Lucasfilm has always been on the forefront of filmmaking technology. Were there things in this film that you were able to bring in that you weren’t able to do about 10 years ago?
Well, what we did was when I started 15 years ago, I had this little group of people who were designers. They designed the characters and environments and things, and we had another little group that started working on technology because I wanted to do a lot of things that couldn’t be done. So, we were working at that point with ILM to develop new technology to be able to create the movie that I wanted to make within financial reason. They worked on that at the same time and that took a long time; that’s where a lot of the work was. I knew we couldn’t do it at that time and about 10 years was spent doing that stuff. In the last 5 years, we were able to take advantage of that and even over the last year we were improving things.
We tested it basically on a TV series we did here in Singapore, which was The Clone Wars. It was technically very advanced for a TV show; we were doing things with lighting, characters and all kinds of esoteric technical things that couldn’t have been done before. We were testing things out on that show, as I like to say. That went on with The Young Indiana Jones Chronicles, [through] Episodes I, II and III of Star Wars, of developing technology so we could go to the next level.
Do you think modern cinema achieves the same magic associated with films like Star Wars, E.T.: The Extra-Terrestrial and Back to the Future? If not, why not?
Well, the magic you’re talking about is very hard to come by. You couldn’t just “do” it. It takes a very magical situation of creative talent, resources and all kinds of things to make something like that happen. It doesn’t happen very often. Otherwise, you’d see 20 or 30 of those movies every year. For somebody like me, I’m not looking to make a hit movie. I’m just doing something that I want to do for my own reasons. Some of them are hits, people like them, some of them aren’t. That’s not the real thing, for me, the real thing is doing it, and experimenting and doing things. That’s where I’m moving now, making experimental films. They won’t even be released because people will say “why did he do that, I didn’t like that.” I don’t really care, I just want to do it for myself and find out what happens when I do things and not worry about it.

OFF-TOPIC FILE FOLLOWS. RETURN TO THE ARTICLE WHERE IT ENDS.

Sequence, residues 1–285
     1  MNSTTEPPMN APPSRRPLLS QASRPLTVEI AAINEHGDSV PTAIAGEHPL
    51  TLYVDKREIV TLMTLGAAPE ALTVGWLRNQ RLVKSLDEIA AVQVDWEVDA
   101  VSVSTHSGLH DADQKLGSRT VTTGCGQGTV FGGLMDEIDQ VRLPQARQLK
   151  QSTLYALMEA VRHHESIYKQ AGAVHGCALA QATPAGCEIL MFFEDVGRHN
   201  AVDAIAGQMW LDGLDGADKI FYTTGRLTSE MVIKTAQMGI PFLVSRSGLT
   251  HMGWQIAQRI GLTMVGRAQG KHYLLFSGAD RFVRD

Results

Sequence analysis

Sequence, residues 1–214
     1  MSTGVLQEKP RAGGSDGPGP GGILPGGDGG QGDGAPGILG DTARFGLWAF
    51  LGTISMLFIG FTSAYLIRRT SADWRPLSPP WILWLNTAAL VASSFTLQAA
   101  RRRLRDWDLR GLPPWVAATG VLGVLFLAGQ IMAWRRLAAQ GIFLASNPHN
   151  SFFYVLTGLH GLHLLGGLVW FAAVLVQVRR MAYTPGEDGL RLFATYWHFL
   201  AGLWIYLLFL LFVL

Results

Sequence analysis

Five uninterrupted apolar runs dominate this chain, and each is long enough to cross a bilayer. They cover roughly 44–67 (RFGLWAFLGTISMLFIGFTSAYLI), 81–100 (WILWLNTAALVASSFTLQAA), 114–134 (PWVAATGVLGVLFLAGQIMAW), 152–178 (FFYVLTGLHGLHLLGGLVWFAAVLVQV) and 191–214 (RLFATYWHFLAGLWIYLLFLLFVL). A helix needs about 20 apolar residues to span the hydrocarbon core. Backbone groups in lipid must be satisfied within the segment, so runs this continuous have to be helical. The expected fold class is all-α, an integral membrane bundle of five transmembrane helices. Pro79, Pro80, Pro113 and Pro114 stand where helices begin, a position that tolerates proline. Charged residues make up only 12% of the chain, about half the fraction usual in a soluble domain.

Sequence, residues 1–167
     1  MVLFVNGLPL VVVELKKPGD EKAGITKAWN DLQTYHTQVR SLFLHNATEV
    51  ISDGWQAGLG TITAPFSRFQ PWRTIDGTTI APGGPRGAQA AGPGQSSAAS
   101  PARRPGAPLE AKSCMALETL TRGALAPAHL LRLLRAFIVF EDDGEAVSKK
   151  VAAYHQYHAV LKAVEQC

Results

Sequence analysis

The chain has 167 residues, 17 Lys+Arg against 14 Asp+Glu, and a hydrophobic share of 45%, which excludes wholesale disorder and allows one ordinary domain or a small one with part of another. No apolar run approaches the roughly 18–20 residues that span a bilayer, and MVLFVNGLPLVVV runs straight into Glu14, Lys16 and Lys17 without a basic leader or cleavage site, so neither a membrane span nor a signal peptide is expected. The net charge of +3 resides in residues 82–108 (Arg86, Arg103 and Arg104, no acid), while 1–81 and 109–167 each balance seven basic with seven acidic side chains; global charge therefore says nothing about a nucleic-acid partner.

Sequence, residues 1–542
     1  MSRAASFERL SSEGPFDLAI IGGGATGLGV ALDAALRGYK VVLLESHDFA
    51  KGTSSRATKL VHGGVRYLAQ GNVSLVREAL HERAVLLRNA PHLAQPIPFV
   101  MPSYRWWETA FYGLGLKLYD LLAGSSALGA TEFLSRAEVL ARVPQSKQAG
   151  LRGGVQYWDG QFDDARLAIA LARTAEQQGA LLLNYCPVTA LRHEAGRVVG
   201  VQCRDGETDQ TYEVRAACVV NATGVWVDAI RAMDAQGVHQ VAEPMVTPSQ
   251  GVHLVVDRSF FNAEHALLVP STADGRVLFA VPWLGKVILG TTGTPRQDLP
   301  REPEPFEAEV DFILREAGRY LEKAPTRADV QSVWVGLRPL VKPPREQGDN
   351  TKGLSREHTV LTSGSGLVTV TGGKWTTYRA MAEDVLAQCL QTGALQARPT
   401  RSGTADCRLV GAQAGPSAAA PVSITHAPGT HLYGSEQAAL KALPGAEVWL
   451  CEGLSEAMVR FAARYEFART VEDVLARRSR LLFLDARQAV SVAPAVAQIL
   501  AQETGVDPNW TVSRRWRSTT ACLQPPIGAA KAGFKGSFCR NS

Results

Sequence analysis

Obviously, I’ve done some films that haven’t worked and I’ve done a lot of films that have worked. You never know…I have absolutely no idea how this movie will be received. I love it. I’ll always be happy with it. But that doesn’t mean the rest of the world is going to like it. I’ve had a lot of films that I really liked that nobody liked and I’ve seen a lot of films that I didn’t think were that special but everybody seems to like them. There’s no rhyme or reason to any of that part. You’ve got several groups that are going to come in and make decisions: the audience, in the form of now bloggers, the audience in the form of people who actually go to see the movie, then you’ve got the press and people who write about it. They all have different things about everything. There’s never any way to know what people are going to like. My worst-reviewed movie was Star Wars [Episode IV] and it seems to be the best [all laugh].
Voice acting is a key component of animated films. Did you envision Evan Rachel Wood and Alan Cumming as your voice actors when you first conceptualised the project and at which point did you settle on them voicing Marianne and the Bog King respectively? Dreamworks goes after a lot of big names to put on their posters, why did you pick these two actors?
The casting was done back when, I did casting by tape. I was looking for a good singer, I was looking for a good actor, I was looking for people who could be the characters. I was just listening to tapes to pick the cast and obviously, Elijah Kelley had worked with me on Red Tails and I knew I wanted him to be Sunny, the elf.